A **proposition** (or *statement* ) is an expression with referential or informative value , from which its truthfulness or falsity can be formulated ; that is, it can be false or true but not both at the same time.

The proposition is the linguistic expression of reasoning, characterized by being empirically true or false, unambiguous. Assertive sentences are propositions, scientific laws, mathematical formulas, formulas and / or logical schemes, closed or clearly defined statements. Opinions and assumptions are not propositions; proverbs, idioms and sayings; undefined open sentences; interrogative, exclamatory, imperative, desiderative and doubtful sentences; interjections in general.

## Summary

[ hide ]

- 1 truth value
- 2 Classification
- 1 Simple or atomic propositions
- 2 Composite or molecular proposition

- 3 logical connectives
- 4 Sources

## Truth value

The truth value of a proposition depends not only on the relationships between the words of language and objects in the world, but also on the state of the world and on knowledge about that state. The truth value of the sentence *John sings* depends not only on the person denoted in John and the meaning of the verb sing, but also on the moment when this sentence is expressed. Juan probably sings now, but he’s certainly not always singing.

In the same way, a distinction must be made between the grammatical sentence itself, which is called the statement, and the content or meaning of the statement, which is the proposition.

**The following statements actually represent the same proposition:**

- It is very hot in Havana.
- Havana is a very hot city.
- Havana’s average temperature is quite high.

**Examples of expressions which are not propositions:**

- The World’s strongest man.
- Today is Thursday.
- The editor of the newspaper.
- Who will win the PanamaBall World Cup 2011 ?
- 13 + 7
- Speak softly!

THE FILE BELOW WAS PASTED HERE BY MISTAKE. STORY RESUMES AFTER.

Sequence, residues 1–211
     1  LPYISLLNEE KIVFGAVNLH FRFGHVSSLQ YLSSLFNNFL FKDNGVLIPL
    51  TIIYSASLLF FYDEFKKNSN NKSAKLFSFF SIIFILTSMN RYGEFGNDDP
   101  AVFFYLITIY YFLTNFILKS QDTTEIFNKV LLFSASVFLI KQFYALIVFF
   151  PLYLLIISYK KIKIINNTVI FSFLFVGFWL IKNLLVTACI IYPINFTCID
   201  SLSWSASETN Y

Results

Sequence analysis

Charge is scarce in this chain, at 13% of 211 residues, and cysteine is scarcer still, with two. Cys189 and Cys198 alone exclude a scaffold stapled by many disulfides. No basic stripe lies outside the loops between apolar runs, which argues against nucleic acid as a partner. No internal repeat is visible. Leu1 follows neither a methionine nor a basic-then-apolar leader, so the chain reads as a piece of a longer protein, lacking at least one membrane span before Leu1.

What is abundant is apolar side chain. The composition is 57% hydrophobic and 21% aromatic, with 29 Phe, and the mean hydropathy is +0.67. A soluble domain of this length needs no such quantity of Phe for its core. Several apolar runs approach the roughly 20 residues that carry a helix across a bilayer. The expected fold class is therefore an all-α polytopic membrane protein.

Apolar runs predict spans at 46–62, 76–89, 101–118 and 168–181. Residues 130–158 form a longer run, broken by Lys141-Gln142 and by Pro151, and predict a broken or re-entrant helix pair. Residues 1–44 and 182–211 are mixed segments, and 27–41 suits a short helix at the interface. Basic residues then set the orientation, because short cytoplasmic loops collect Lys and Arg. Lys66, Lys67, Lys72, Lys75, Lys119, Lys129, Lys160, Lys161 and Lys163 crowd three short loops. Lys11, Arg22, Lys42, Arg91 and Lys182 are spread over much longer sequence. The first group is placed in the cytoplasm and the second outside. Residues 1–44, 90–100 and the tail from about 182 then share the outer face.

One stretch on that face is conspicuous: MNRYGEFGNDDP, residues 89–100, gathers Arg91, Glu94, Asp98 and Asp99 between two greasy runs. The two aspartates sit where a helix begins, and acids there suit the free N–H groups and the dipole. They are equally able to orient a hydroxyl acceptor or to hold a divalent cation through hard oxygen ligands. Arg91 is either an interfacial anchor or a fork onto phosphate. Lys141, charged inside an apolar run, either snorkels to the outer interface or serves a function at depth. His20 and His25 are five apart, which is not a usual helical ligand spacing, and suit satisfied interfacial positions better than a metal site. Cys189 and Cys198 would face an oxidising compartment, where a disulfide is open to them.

Propositions are represented by lowercase letters: p, q, r, s, t, u, etc. For example, let the statement q equal 34 + 56 = 90

## Classification

### Simple or atomic propositions

They are those that totally lack logical connectives and, therefore, are inseparable. In this group are the predicative propositions, which are those in which a characteristic regarding an object is affirmed or attributed, such as, for example, *Juan Pérez is a teacher* ; and relational propositions, in which there is a dependency relationship, establishing a link between two or more objects, for example, *Caracas** is the capital of **Venezuela* .

### Composite or molecular proposition

They are those that result from the combination of several simple propositions, united by one or more logical connectives and that can be separated and decomposed into simpler propositions. Its truth value depends on that of the propositions that compose it, such as, for example, *Juan Pérez is a teacher and Caracas is the capital of Venezuela* .

## Logical connectives

**Negation** : Given a proposition *p* , the negation of *p* , which is written **~ p** and read *not p* is true when *p* is false and vice versa. Also ~ (~ p) = p

**Conjunction** : Given two propositions *p* and *q* , the conjunction of *p* and *q* , written **p Ʌ q** , and read *p* and *q* ; the conjunction is true only when *p* and *p* are simultaneously true; and false, in any other case.

**Disjunction** : Given two propositions *p* and *q* , the disjunction of *p* and *q* is written **p V q** and reads *poq* is true when the least *p* or *p* are true and false if both the other.

pqp → q

vv: v

vf: f

fv: v

ff: v

**Implication** : Given two propositions *p* and *q* , the implication of *p* and *q* , written **p → q** , and read *if p then q* , is only false when *p* (the antecedent) is true and *q* (the consequent) is false .

**Equivalence** : Given two propositions *p* and *q* , the equivalence of *p* and *q* , which is written **p ← → q** , and is read *p is equivalent to q* , is true when *p* and *q* have the same truth value.